The response of the church (Acts 4:23-31) – These verses contain the first recorded prayer meeting of the church after the Day of Pentecost.  There were obviously others, but this one had special significance.  The church faced a crisis.  To continue speaking in the name of Jesus meant disobeying the Jewish authorities.  To not continue speaking meant disobeying God.  There was no question which path they would take, but they needed God’s strength to walk that path.  So, “they lifted up their voices to God with one accord…” (v.24). They were moved by a common impulse, a unity of spirit to turn to God in prayer.

Verses 24b-30 give the content of the prayer.

·         It is addressed to God.  The prayer begins with the word despota which the NASB translates “O Lord” and the RSV translated “Sovereign Lord.”  The normal Greek word for Lord is kurios.  The word despota carries the idea of a master/slave relationship.  God is the Master and we are to follow His will.  God is acknowledged in this prayer as Creator (24b) and the author of Scripture (v.25a).  In comparison to a God like that, the Jewish high court did not seem so intimidating!

·         It included the use of Scripture.  Two Old Testament passages are quoted in the prayer.

o   The phrase “…didst make the heaven and the earth and the sea, and all that is in them…” in verse24 comes from Nehemiah 9:6 and Psalm 146:6.

o   Verses 25b-26 are a direct quote of Psalm 2:1-2 from the Septuagint (the Greek version of the Old Testament).  Verses 27-28 apply the quote from Psalm 2 to the 1st century.  It seems that Luke equates the “Gentiles” and “kings” in Psalm 2 with Herod and Pontius Pilate.  The “rulers” seem to represent the Jewish leaders before whom Jesus appeared and before whom Peter and John appeared.

·         It was characterized by a deep confidence in God.  They made three specific requests of God in this prayer in verses 29 & 30.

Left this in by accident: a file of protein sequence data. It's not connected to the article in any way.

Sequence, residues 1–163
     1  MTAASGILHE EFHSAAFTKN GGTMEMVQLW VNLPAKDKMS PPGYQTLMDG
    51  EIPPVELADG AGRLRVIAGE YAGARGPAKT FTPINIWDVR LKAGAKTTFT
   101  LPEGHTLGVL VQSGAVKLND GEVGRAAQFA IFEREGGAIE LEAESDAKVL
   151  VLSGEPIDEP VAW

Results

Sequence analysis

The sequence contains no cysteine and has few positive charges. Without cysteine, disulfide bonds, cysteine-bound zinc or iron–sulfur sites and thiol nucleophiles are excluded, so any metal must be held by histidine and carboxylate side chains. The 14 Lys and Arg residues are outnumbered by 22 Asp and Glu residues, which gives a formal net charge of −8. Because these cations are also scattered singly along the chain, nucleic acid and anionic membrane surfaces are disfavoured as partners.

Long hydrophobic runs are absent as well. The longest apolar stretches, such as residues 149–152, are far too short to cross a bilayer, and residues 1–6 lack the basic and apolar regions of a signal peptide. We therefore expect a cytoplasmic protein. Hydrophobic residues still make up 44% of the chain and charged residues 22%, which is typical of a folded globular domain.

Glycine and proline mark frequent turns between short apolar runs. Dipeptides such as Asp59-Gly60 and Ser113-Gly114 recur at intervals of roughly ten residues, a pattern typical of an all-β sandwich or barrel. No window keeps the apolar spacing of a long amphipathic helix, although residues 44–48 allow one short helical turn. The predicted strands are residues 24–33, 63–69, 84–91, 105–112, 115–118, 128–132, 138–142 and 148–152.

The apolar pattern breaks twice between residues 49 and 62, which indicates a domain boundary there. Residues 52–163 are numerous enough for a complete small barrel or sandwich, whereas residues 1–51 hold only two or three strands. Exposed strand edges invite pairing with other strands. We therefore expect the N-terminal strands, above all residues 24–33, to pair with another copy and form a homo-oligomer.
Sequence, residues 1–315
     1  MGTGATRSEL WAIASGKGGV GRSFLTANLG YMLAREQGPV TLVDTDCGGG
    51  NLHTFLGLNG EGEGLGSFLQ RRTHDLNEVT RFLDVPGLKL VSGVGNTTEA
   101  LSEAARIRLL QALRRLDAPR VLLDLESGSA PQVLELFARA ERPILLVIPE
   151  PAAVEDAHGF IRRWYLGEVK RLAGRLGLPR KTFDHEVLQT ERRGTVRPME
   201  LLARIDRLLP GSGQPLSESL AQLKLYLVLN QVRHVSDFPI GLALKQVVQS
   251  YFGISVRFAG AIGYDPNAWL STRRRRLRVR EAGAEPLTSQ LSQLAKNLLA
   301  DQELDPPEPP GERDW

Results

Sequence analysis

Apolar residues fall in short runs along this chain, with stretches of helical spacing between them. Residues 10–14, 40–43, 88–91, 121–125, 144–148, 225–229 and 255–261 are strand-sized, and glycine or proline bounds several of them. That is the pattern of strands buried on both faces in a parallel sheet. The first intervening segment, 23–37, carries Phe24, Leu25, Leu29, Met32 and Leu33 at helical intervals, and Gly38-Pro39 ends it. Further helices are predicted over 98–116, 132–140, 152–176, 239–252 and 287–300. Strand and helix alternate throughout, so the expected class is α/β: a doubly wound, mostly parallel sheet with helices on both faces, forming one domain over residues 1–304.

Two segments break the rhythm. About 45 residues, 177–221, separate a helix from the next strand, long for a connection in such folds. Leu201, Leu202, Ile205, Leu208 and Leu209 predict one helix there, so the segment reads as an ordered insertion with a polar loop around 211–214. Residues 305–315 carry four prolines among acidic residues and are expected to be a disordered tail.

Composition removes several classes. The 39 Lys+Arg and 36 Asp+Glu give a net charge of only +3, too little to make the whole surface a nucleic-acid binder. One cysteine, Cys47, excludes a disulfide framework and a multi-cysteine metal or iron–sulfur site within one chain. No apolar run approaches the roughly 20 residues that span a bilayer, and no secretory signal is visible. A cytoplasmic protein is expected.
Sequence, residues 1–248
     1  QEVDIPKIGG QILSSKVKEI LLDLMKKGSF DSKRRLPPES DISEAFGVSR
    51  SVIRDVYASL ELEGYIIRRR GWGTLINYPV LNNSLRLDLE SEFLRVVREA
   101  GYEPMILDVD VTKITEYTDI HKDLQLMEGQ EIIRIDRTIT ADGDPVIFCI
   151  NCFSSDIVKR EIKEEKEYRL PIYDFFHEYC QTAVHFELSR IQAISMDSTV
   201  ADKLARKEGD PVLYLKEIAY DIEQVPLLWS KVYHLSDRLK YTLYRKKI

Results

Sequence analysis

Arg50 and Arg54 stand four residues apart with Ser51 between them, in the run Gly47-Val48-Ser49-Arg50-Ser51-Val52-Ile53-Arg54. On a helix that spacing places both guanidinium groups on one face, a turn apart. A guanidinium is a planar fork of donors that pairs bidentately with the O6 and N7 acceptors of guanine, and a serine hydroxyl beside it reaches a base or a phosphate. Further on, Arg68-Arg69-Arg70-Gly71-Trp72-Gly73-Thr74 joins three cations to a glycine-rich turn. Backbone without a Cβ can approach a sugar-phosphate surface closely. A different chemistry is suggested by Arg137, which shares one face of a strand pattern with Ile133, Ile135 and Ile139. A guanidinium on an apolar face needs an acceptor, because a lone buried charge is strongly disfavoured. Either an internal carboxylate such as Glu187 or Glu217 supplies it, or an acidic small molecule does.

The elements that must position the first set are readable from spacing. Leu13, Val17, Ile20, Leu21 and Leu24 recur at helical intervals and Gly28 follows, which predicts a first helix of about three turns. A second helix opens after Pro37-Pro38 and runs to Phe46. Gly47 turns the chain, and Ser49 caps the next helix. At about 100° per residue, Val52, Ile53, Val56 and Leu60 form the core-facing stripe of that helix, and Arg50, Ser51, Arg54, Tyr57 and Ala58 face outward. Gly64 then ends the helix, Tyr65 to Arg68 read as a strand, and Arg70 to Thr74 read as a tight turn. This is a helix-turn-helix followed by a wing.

o   They asked that God would take note of the threats made against them (v.29).  Notice they did not tell God how to respond to the threats.  With complete trust they left that in His hands.

o   They asked God to grant them boldness to continue speaking His word (v.29).

o   They asked that God would verify their witness with healings, signs, and wonders.  The word translated “heal” in v.30 is a medical term used only three times in the New Testament.  It appears twice in the Gospel of Luke and in this passage.


Verse 31 tells us the results of their prayer.  Three specific results are mentioned.

·         “…the place where they had gathered together was shaken…”They prayed to God as Lord of creation and in response God gave them an external sign of His power over creation.

·         “…they were all filled with the Holy Spirit…” – It is interesting that this is not that for which they had they prayed.  Nowhere in Acts does anyone pray to be filled with the Holy Spirit.  Their request was for boldness to speak God’s word.  They were filled because they were submissive to the will of God. This is the third reference to the disciples being filled with the Holy Spirit (see Acts 2:4 and 4:8).  This experience is one that can and should be repeated.  One person writes:

We may be sure that it is proper, indeed desirable, for believers to ask for the Spirit continually (Luke 11:13), but it is not necessary to do so in so many words in order to have the Spirit’s presence or assistance … We may be led, in fact, to believe from Acts 4:31 that wherever there is the prayerful desire among Christians for the service of Christ there is the full gift of the Spirit. [F.D. Brunner, A Theology of the Holy Spirit, p171]